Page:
A key challenge in critical zone science is to understand and predict the interaction between aboveground and belowground eco-hydrologic processes. This study analyzes aboveground and belowground interaction through hydraulic redistribution (HR), a phenomenon that roots serve as preferential pathways for water movement from wet to dry soil layers. By comparing ecosystems in upland (mean groundwater depth > 100m) and riparian (mean groundwater depth ~ 10m) sites, we study how a connection to deep-water resources influence the balance of hydraulic descent (HD, overall downward water movement through roots) relative to hydraulic lift (HL, overall upward water transport through roots), and how this connection to deep-water resources influence the interaction between co-existing vegetation in a water-limited environment. Both study sites are located in southern Arizona: the upland site is in the Santa Rita Experimental Range and the riparian site is located in the San Pedro National Riparian Conservation Area. In both sites, we simulate eco-hydrologic model in conjunction with experimental data to quantify the influence of HR on ecohydrologic processes in order to characterize the competitive and facilitative interaction between co-existing overstory (velvet mesquite) and understory (sacaton bunchgrass) vegetation.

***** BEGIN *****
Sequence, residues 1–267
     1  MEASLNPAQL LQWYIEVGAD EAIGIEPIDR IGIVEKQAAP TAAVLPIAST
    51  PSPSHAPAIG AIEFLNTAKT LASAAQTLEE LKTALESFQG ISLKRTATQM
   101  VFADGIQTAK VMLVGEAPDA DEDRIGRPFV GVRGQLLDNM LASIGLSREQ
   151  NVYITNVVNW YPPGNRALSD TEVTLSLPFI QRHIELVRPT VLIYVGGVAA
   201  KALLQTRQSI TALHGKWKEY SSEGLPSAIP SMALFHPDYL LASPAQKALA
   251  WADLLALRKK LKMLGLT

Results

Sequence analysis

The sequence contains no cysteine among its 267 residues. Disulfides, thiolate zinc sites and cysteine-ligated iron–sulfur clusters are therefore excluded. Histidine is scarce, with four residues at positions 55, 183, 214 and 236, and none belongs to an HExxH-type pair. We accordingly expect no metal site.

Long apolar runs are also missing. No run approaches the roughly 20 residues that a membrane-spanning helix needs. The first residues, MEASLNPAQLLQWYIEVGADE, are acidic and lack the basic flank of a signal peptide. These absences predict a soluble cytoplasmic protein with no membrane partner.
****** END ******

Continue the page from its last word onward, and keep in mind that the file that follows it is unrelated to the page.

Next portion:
In both sites, we analyze how two vegetation species share and utilize water through HR when groundwater access is absent (in upland site) and present (in riparian site). In upland site, both measured and simulated results show that HD dominates during the wet monsoon season, whereas HL occurs between precipitation events. For 2015 year-long simulation, we find that in the wet season, 13% of precipitation is transferred to deep soil (>1.5 m) through roots, and in the dry season, 9% of this redistributed water is then transported back to shallow soil depths (<0.5 m). HR supports 47% of mesquite transpiration and 9% of understory transpiration. This study demonstrates that in upland site mesquite exhibits a competitive advantage over bunchgrass through HR. By comparing the impact of HR on co-existing vegetation interaction in upland and riparian sites, we evaluate how much the connection to deep-water resources influences the balance of HD to HL and how mesquite HR affects understory function.
Lee, E., Kumar, P., Barron-Gafford, G., Scott, R.L. (2018): Comparing the Impact of Hydraulic Redistribution on Co-existing Vegetation Interaction in Semi-arid Upland and Riparian Sites. Abstract H11A-08 presented at 2018 AGU Fall Meeting, Washington, D.C., 10-14 Dec.